ICCC Conference 2019 Recap
Washington, D.C. -- Over 90 entrepreneurs came to Catholic University’s campus to learn from industry experts as a part of the Inner City Capital Connections program (ICCC) on September 18, 2019.
Owners of small and medium-sized businesses participated in five presentations from professors and experts in business strategy, marketing, leadership, and finance. The conference was led by Brian Becker, Director of Small Business Outreach at the Ciocca Center for Principled Entrepreneurship and member of ICCC’s 2017 cohort, and Steve Grossman, CEO of the Initiative for a Competitive Inner City (ICIC).
Catholic University students participated in the conference as a part of the Small Business Growth Lab class. The students partner with local small businesses for the academic year to complete projects that help the entrepreneurs grow their businesses.
Professor Susan Perkins of the Kellogg School of Management began the conference with an interactive lecture to help attendees define and protect their competitive advantages in the marketplace.
“Gaining and sustaining a competitive advantage over your competitors requires deeper analysis of the firm’s strategic positioning, scope of business activities, and growth strategies, whether organic or through strategic partnerships and capabilities differentiation,” Perkins wrote in her presentation description.
Using case studies from companies such as Harry’s Razors, Spanx, and Java Nation, Catholic University marketing professor John Egan helped attendees evaluate their businesses’ marketing mixes and better target their appropriate customers.
The first two lectures reminded Catholic University student Elizabeth Rich about the importance of basing your business strategy on your target market’s needs.
“You don’t have to have some crazy revolutionary idea or whatever to be successful,” said Rich. “You just have to think about your market, their pains, their inconveniences and then help solve those problems.”
Steve Bookbinder led a workshop to review attendees’ practices with their workers. Bookbinder graphically showed his audience how an entrepreneur needs a balance of grit and empathy in order to succeed. By becoming more empathetic managers and leaders, Bookbinder believes small business entrepreneurs can turn their workforce into a sustainable competitive advantage.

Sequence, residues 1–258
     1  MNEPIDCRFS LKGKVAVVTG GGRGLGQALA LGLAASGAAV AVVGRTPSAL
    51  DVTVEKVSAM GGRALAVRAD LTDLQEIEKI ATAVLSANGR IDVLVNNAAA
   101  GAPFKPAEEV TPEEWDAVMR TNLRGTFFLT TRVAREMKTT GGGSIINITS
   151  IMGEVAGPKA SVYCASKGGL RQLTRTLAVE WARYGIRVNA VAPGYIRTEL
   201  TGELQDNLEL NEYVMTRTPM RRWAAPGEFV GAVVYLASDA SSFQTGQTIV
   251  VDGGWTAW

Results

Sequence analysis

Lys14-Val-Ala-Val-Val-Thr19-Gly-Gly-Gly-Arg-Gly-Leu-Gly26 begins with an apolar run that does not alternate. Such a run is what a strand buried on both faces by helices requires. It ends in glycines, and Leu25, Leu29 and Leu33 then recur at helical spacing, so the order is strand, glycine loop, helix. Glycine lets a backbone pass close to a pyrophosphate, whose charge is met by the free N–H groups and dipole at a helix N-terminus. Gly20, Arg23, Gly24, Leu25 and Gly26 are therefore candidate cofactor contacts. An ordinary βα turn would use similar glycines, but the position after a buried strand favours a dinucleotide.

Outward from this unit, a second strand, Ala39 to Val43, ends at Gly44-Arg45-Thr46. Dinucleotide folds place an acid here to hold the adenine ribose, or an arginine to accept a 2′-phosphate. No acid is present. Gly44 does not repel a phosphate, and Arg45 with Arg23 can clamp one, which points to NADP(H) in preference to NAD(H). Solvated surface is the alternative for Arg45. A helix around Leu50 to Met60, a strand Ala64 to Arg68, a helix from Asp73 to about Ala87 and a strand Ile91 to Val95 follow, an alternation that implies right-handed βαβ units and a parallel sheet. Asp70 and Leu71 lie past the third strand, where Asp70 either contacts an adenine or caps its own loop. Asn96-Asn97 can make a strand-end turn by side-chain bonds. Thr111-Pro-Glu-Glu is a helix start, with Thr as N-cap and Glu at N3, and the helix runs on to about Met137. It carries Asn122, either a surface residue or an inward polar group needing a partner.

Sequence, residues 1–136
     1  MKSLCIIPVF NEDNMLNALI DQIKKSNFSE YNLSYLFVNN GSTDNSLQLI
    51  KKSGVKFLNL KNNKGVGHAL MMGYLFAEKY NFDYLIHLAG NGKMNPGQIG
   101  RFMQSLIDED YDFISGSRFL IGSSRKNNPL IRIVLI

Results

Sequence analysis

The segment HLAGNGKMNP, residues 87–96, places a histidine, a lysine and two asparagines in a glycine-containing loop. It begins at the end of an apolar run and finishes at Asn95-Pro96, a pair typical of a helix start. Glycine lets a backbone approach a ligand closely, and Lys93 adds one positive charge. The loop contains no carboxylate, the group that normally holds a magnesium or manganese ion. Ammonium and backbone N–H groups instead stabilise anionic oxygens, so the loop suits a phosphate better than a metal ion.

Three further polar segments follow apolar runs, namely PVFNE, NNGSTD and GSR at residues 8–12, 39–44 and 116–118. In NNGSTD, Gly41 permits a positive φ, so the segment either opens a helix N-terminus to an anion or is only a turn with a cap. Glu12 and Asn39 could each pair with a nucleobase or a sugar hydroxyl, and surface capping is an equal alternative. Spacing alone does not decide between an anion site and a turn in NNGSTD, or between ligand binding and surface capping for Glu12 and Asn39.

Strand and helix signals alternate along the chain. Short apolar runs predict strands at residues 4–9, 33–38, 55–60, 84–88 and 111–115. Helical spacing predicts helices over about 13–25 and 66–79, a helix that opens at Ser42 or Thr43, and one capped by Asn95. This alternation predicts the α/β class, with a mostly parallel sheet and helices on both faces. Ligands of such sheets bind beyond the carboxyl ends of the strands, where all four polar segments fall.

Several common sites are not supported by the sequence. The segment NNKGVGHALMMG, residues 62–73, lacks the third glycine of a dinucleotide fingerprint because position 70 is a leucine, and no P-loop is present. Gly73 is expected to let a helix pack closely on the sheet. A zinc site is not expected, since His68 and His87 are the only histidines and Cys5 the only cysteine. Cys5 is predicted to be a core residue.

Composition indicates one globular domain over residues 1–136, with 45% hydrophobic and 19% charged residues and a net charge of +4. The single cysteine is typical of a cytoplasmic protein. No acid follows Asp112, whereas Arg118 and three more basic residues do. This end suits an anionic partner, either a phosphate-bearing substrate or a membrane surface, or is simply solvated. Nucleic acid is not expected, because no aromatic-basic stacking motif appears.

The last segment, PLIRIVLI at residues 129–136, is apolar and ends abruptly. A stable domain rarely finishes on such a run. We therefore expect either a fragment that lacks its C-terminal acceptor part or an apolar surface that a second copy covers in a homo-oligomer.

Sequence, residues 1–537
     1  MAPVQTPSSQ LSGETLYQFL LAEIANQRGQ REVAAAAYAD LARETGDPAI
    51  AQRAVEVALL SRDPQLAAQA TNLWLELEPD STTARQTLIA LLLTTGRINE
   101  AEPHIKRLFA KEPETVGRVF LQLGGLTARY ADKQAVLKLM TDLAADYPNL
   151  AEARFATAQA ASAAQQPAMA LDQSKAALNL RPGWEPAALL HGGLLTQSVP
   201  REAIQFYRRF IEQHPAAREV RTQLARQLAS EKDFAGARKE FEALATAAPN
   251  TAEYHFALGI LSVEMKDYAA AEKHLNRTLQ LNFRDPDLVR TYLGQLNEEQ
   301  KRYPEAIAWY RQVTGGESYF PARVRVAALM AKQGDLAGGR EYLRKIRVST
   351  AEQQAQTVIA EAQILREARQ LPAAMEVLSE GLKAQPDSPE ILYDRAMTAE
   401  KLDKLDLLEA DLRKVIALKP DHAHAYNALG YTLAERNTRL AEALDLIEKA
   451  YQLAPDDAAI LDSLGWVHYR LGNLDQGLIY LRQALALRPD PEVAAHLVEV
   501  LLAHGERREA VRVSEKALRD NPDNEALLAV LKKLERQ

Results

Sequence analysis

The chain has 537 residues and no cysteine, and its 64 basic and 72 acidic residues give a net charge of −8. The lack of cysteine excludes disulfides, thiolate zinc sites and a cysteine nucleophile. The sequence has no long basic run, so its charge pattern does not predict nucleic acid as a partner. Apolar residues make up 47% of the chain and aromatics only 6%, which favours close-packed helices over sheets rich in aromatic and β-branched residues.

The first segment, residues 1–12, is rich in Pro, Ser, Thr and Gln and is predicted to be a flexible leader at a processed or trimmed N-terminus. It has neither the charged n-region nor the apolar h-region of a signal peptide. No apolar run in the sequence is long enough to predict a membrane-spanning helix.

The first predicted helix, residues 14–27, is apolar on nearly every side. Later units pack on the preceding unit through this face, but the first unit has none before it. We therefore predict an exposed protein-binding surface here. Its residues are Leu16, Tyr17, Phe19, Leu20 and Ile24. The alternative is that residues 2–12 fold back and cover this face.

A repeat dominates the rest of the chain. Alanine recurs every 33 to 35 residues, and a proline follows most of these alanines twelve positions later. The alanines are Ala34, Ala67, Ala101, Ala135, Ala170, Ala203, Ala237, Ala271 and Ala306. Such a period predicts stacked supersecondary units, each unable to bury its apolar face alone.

In the final lecture, Professor Steven Rogers of Harvard Business School taught financial skills using interactive story problems. Audience members actively participated with their own calculations so they could apply their new financial skills to their own businesses after the lecture.
Each lecture ended with opportunities for attendees to partner with their tablemates to solve challenges their businesses faced.
“With one woman we were able to give her six possible solutions to this issue that her [sic] and her team have been struggling with just because we were fresh eyes,” Rich said.
The conference closed with a panel led by Becker of different capital providers to answer questions about the funding options entrepreneurs have available. Attendees asked questions about their specific capital needs and previous experiences attempting to access private funding in order to grow their businesses.
ICIC was founded in 1994 by Harvard Business School professor Michael Porter to “drive economic prosperity in America’s inner cities through private sector investment to create jobs, income, and wealth for local residents,” according to the ICCC 2019 Program Overview. Between 2005 and 2017, ICCC participants have “averaged 160% growth in revenue, created 19,907 jobs, and raised $1.92 billion in capital.”
The Ciocca Center for Principled Entrepreneurship previously hosted the regional ICCC conference in 2017 through their ongoing partnership with ICIC.